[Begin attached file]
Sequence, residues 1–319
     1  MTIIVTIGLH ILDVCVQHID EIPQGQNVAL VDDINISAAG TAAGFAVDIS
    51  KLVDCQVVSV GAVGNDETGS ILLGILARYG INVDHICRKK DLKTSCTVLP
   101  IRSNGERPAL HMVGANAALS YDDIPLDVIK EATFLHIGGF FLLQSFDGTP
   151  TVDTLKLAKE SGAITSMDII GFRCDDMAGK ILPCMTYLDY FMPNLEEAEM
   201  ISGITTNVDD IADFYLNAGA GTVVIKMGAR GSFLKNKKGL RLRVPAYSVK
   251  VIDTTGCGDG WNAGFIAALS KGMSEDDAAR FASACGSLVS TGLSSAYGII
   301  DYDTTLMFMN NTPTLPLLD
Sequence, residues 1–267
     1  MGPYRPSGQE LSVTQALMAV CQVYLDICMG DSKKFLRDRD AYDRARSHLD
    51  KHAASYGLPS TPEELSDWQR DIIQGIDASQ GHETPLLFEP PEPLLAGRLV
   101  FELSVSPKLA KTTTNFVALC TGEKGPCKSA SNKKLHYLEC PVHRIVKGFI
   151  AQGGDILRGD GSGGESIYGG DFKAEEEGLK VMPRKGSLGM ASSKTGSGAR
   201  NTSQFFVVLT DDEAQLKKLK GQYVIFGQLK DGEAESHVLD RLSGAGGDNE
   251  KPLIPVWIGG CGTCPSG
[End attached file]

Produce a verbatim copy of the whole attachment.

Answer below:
Sequence, residues 1–319
     1  MTIIVTIGLH ILDVCVQHID EIPQGQNVAL VDDINISAAG TAAGFAVDIS
    51  KLVDCQVVSV GAVGNDETGS ILLGILARYG INVDHICRKK DLKTSCTVLP
   101  IRSNGERPAL HMVGANAALS YDDIPLDVIK EATFLHIGGF FLLQSFDGTP
   151  TVDTLKLAKE SGAITSMDII GFRCDDMAGK ILPCMTYLDY FMPNLEEAEM
   201  ISGITTNVDD IADFYLNAGA GTVVIKMGAR GSFLKNKKGL RLRVPAYSVK
   251  VIDTTGCGDG WNAGFIAALS KGMSEDDAAR FASACGSLVS TGLSSAYGII
   301  DYDTTLMFMN NTPTLPLLD
Sequence, residues 1–267
     1  MGPYRPSGQE LSVTQALMAV CQVYLDICMG DSKKFLRDRD AYDRARSHLD
    51  KHAASYGLPS TPEELSDWQR DIIQGIDASQ GHETPLLFEP PEPLLAGRLV
   101  FELSVSPKLA KTTTNFVALC TGEKGPCKSA SNKKLHYLEC PVHRIVKGFI
   151  AQGGDILRGD GSGGESIYGG DFKAEEEGLK VMPRKGSLGM ASSKTGSGAR
   201  NTSQFFVVLT DDEAQLKKLK GQYVIFGQLK DGEAESHVLD RLSGAGGDNE
   251  KPLIPVWIGG CGTCPSG